For decades, the poetry of Daniel Edward Moore has been featured in some of the country's most prestigious literary journals. Now, for the first time, many of his works appear together in one eclectic, thought-provoking volume: Confessions of a Pentecostal Buddhist.
As the title suggests, some of the twenty-three poems in the collection center on spiritual themes such as meditation, childhood experiences with organized religion, and family members' beliefs. Others tackle topics as diverse as nature, death, love, EKGs, and frogging. Some are deeply personal and addressed to people in Moore's life, while others focus on universal concerns that have the power to widen chasms between people or bring them together.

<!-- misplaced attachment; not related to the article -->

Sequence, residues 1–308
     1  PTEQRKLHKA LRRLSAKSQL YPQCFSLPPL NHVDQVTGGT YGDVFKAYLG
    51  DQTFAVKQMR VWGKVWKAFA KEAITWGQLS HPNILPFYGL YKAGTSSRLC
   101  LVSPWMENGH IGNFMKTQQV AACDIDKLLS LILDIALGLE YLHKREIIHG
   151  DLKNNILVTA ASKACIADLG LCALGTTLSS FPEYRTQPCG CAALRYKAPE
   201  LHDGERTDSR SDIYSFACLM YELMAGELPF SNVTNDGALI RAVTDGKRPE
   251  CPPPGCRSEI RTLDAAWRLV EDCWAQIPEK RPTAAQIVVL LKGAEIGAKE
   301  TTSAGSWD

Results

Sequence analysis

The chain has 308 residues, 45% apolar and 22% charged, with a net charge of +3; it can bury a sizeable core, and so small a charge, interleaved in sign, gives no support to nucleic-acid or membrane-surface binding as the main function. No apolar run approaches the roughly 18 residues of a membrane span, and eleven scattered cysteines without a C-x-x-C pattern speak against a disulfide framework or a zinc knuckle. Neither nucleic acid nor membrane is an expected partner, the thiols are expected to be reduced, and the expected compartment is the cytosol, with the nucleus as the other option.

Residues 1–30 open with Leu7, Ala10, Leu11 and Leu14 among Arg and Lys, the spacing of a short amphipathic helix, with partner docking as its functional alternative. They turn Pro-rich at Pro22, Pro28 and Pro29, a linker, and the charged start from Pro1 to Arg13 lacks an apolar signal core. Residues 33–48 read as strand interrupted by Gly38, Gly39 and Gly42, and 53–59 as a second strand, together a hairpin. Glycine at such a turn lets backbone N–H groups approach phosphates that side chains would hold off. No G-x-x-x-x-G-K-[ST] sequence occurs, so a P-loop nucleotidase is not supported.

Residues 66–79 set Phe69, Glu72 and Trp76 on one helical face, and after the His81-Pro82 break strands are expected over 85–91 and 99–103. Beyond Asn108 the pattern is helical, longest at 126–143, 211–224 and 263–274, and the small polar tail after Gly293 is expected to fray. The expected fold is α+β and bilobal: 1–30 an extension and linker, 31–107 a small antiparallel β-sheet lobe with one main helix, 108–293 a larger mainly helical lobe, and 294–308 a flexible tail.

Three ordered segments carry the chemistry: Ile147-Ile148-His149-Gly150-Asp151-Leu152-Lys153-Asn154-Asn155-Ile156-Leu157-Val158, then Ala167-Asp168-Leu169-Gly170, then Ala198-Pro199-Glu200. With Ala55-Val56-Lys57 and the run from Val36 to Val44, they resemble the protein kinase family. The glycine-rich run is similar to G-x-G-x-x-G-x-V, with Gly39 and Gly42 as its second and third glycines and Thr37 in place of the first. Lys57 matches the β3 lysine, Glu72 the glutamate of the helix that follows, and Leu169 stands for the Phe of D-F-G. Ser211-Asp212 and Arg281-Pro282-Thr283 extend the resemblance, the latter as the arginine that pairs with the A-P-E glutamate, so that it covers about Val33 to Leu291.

By turns sensual and reflective, plaintive and passionate, the poems showcase Moore's virtuosic ability to conjure a mood through vivid imagery and striking metaphor. Narrated from a multitude of viewpoints-the husband's, male lover's, abused son's, estranged father's, addict's-the disparate voices combine to produce the effect of speaking in tongues.
For Moore, writing poetry is cathartic, and the poems gathered here are intended to help others break down real and imagined walls around religion, gender, and sexual identity while revealing the healing and hurtful power of words.